How would you react to someone who had been shooting professional stills for years on film and didnt know the difference between RAW and JPG - surely you would understand that they had the many of the skills in place to become a good digital photographer ?
But I was specifically talking about someone off the street with a camera, not a pro photographer who used film. So
Besides there are an awful lot of skills in filmmaking that photographers are not experienced in at all. Sound, editing, writing.... Cinematogragraphy is only one small part of filmmaking and comes below the three skills I just mentioned in importance.
Us photographers 'with movie ambitions' are in a wierd place a bit like the film stills photographer looking to translate to digital - knowing nothing about the workflow - but often more about lighting lenses and perspective than established videographers (not cinematographers), even some making a living at the game
No, it is not like those using film wanting to start using digital. That's simply buying different/better kit to do the same job. 'Making movies' is a completely different job with a huge range of skills involved, the main one being the ability to tell stories, not one a stills photography is usually experienced in. Plus editing [in film terms] is a something photographers also have no experience of and it integral to the success of the end product. You are completely ignoring that vital skill, which is also important even if if someone else edits as you have to grok editing to be able to shoot footge that will cut together well. Also why assume those who don't shoot on film don't know about lighting and perspective or lenses? Aren't those assumptions like the patronising attitude you complain about on the DV forums.
of that patronising attitude you will run in to both good and bad on the video forums - I have been both patronised (by guys making crumby indy shorts) and, unbelivably, given simple clear simple advice from a 'camera operator' who has shot some very famous multi million dollar features - He knows even he started somewhere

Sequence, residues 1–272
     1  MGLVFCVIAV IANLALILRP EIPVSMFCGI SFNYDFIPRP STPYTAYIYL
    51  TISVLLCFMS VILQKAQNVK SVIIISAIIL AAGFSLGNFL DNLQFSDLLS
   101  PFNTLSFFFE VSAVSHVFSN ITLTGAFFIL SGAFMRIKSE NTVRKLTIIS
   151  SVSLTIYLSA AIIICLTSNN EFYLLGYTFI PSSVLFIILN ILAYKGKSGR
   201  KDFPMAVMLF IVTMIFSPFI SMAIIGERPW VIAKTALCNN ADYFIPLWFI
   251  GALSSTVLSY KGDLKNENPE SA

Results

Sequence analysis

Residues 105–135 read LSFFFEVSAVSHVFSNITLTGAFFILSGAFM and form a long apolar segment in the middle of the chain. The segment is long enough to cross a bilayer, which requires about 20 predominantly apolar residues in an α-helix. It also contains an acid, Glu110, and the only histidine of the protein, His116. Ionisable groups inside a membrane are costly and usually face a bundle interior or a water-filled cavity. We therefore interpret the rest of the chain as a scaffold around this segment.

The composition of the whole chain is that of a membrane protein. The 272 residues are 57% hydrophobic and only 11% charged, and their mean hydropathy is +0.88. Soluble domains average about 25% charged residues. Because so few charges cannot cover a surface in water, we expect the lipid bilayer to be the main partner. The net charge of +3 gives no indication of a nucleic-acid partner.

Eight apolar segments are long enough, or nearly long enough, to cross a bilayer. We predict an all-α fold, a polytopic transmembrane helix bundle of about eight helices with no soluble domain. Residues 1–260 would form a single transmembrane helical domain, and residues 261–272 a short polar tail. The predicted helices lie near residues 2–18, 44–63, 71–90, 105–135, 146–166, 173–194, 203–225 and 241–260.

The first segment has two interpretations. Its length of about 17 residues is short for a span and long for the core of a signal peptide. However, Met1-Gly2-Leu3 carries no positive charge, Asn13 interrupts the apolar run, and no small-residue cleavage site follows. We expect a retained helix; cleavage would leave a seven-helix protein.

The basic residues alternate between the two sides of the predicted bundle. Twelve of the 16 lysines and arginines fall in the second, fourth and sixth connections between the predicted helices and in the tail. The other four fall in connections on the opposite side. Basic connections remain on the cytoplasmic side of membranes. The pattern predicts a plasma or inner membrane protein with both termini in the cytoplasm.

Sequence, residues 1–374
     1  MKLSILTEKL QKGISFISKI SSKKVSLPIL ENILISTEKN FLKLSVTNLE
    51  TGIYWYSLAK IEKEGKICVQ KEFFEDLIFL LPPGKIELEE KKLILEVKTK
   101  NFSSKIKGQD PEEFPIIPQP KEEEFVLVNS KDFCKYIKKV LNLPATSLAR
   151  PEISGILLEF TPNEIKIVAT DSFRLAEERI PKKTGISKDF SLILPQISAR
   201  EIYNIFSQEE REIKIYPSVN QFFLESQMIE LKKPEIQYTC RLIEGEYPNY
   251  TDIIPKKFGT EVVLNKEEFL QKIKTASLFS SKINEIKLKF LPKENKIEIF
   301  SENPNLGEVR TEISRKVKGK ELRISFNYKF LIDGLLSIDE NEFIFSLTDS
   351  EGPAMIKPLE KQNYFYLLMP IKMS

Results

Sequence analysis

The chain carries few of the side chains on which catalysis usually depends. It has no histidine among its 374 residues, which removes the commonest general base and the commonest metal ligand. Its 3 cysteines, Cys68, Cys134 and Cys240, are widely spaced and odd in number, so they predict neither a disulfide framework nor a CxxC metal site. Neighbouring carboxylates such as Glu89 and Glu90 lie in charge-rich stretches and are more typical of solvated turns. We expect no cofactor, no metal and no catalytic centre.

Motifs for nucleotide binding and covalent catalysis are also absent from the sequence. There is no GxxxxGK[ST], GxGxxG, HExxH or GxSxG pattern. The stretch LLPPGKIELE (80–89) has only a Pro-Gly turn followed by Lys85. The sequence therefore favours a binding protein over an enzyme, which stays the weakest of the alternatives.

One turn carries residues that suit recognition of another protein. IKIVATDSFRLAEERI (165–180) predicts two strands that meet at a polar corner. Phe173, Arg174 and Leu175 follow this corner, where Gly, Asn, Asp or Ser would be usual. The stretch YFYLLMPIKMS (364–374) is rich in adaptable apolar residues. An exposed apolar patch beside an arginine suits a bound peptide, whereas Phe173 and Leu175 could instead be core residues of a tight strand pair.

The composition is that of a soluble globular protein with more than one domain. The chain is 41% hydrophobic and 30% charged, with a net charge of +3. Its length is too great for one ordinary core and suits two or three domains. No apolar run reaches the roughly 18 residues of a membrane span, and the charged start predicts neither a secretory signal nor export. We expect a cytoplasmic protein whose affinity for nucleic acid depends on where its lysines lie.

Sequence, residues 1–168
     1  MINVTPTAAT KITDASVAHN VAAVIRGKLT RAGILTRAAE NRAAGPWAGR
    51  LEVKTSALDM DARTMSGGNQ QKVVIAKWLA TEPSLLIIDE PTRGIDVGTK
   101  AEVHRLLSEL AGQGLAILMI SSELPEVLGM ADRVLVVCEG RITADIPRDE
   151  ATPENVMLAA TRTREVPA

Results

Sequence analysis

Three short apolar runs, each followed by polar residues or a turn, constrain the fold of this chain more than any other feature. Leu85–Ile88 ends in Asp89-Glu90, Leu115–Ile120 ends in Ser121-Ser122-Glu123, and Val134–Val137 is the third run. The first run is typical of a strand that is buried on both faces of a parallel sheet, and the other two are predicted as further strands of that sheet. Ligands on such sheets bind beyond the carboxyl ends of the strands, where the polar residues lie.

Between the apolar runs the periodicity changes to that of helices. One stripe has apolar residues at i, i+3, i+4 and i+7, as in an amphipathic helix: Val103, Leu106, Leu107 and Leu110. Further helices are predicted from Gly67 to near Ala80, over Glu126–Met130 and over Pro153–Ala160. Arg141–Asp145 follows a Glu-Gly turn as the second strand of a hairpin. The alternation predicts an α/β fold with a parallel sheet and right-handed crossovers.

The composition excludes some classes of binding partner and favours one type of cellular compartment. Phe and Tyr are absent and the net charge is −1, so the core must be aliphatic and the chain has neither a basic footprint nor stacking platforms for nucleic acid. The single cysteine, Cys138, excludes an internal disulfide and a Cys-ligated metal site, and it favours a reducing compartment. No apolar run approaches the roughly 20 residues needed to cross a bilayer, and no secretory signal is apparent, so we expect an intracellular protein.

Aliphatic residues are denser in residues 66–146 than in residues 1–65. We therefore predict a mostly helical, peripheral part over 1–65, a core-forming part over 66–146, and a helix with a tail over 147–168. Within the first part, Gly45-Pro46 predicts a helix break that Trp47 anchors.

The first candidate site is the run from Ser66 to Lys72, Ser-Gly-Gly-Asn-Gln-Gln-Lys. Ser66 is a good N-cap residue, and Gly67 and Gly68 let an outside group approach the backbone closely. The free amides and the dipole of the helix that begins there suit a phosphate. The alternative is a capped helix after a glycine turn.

And why ignore cinematographers? That's the obvious and most direct comparison between photographers and filmaking skills. And they probably know as much, if not more about lighting, than most photographers as they all
have to be experts at lighting wheras many photographers don't even light their subects or if they do, they use a flash perched on camera. Studio or advertising photographers may know lighting well, but many won't. And lighting for moving subjects is also different from stills.
Hey some videographers were buying piles of digital cards for their cameras like tape because they didnt get that you just download the card then erase its content - all digital stills guys know that - what dumbos
Or alternatively they keep the original footage on the cards as they know how unreliable HDs are. There's a discusion here about doing exactly that with one's stills and either Lexar or Sandisk have advertised doing that. So I wouldn't mock. Besides if people judged all photographers by some of the stupid online comments you get even on here, you be laughed at if you admitted to being one in public.
I think the word 'movie' needs to be clarified possibly you are thinking that "movie" = "general release feature"
That's because it does.
I would describe myself as having "movie ambitions" but when I say "movie" I mean "2min corporate web short" like those displayed on other threads on this board
Well say you want to make ads, say so then and it won't be confusing. It's not difficult and there are even less letters to type in 'ad' than 'movie'.
I would imagine the OP means the same thing
Not necessarily, Dustblue made a simailar recent post about his film making ambitions - and he wants to direct features, but I did said in my post above photography is a good background if you want to do advertising.
I'm not saying some photographers won't make great filmmakers, but it is not the simple transformation that some think, there's a lot to learn.
For example you said
In digital moving images there appear to be heaps of output formats and often compressing to those is an 'art' of balancing the amount of compression for file size image quality - no one line answer
So just like stills, CMYK Vs RGB: RAW Vs jpeg, umpteen RAW file formats [or codecs]; ProPhoto Vs Adobe RBG Vs sRGB: imput sharpening, output sharpening, resizing sharpening, these are all things that people get confused by stills with rarely a one line answer either. So in that senses they are both similar in that there's lots of techy nonsense you need to learn and master between the pushing the shutter button and getting to the final output. Plus you also get the same 'nonsense' with sound, which is vitally important to quality filming and something photographers are generally clueless about.
It's patronising to film makers to think if you've shot some stills, you can suddenly make movies, without having to do a heck of a lot of learning of a lot of new skills. I'm sure some photographers will transition well, but they'll probably be the ones who don't think it's a doddle.
If you spent time on film sets, the [ex]photographers tending to be in lighting or camera department, rarely anywhere else. Directors are more often writers than techy people. Many know nothing about technical stuff as that is not what the job is about.